Norwegian Embassy driver caught smuggling antiquities
A driver employed by the Norwegian Embassy in Israel was arrested at Allenby Bridge last week when his car was found to be carrying a haul of antiquities. A senior Norwegian diplomat was in the vehicle at the time, the Israel Tax Authority said Monday.
According to the authority, last Tuesday the car bearing diplomatic plates pulled up at the Allenby border crossing and customs officials checking the car found 10 kilograms of ancient coins and figurines stashed inside cardboard boxes.
The driver was named by the Tax Authority as Issa Nagam, a resident of Beit Hanina in east Jerusalem. He was arrested on suspicion of smuggling antiquities and released on bond later in the day by a judge at the Jerusalem Magistrate’s Court.
No details about the origin of the antiquities or their value was given by the Tax Authority, but a photo it released showed a mound of small coins and around a dozen small figurines.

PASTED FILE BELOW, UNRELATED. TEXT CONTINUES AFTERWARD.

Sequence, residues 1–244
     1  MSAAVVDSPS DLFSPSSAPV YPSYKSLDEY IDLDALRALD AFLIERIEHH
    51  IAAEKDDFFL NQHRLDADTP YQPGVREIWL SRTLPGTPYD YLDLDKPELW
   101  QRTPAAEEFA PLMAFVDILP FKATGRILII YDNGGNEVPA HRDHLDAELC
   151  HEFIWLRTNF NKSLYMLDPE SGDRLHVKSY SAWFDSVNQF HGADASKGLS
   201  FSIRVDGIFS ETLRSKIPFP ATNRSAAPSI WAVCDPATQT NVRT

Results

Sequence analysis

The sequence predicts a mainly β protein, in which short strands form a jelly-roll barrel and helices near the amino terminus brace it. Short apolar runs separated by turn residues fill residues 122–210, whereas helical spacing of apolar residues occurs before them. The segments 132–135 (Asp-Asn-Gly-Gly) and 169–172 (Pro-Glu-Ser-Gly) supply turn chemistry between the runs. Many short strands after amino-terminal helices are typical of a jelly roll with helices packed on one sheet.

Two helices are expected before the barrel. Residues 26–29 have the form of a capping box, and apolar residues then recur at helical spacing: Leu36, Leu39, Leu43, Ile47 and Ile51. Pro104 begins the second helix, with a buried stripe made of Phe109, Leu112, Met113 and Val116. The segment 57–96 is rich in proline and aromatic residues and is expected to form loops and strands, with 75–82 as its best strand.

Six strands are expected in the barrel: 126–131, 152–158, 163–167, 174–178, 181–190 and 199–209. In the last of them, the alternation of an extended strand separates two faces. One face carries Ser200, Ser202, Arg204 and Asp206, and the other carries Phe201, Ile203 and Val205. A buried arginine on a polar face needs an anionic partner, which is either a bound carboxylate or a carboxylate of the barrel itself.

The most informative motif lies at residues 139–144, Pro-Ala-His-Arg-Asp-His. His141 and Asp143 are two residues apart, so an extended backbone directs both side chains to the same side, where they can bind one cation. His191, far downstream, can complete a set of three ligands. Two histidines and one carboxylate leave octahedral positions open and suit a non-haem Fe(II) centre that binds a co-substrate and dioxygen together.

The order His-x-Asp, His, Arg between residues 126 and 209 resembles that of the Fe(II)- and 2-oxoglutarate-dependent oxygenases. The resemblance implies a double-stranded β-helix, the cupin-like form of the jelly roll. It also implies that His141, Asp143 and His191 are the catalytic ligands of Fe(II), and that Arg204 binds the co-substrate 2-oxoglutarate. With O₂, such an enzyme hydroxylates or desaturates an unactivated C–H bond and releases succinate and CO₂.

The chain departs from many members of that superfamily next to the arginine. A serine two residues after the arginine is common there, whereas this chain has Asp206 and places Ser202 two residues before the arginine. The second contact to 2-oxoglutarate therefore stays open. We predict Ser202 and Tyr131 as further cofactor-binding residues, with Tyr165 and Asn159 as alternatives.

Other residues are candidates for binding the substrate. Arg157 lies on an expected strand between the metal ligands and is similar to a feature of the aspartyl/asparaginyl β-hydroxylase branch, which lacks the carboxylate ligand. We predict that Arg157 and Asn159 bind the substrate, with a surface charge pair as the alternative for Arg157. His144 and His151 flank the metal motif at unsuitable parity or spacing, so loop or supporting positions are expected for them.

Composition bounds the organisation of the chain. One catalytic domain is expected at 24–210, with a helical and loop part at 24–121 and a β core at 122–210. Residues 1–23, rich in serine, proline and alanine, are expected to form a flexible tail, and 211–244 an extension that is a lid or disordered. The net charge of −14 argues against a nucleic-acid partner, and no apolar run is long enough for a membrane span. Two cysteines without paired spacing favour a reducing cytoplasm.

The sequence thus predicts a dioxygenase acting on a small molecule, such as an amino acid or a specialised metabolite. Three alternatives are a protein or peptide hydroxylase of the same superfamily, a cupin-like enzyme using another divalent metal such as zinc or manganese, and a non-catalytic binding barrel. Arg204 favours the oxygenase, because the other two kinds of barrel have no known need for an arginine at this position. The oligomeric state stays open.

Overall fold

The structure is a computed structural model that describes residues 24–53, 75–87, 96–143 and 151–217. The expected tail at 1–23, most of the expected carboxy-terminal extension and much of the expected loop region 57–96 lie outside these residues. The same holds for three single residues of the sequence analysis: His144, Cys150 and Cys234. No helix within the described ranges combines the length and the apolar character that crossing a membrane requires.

An official at the Norwegian Embassy directed press inquiries to the Foreign Ministry office in Oslo.
Antiquities theft is a rather large industry in Israel, where antiquities thieves – mainly from Palestinian villages in the West Bank but not only – hunt for artifacts that can be sold illegally to collectors both inside and outside of Israel. Particularly popular are Bar Kochba-era tunnels and graves, which often turn up highly valuable coins. Antiquities spirited out of the country can also be used as a means of laundering money.
SOME OF THE ANTIQUITIES seized by Customs Authority officers at the Allenby Bridge last week from the driver of the Norwegian Embassy.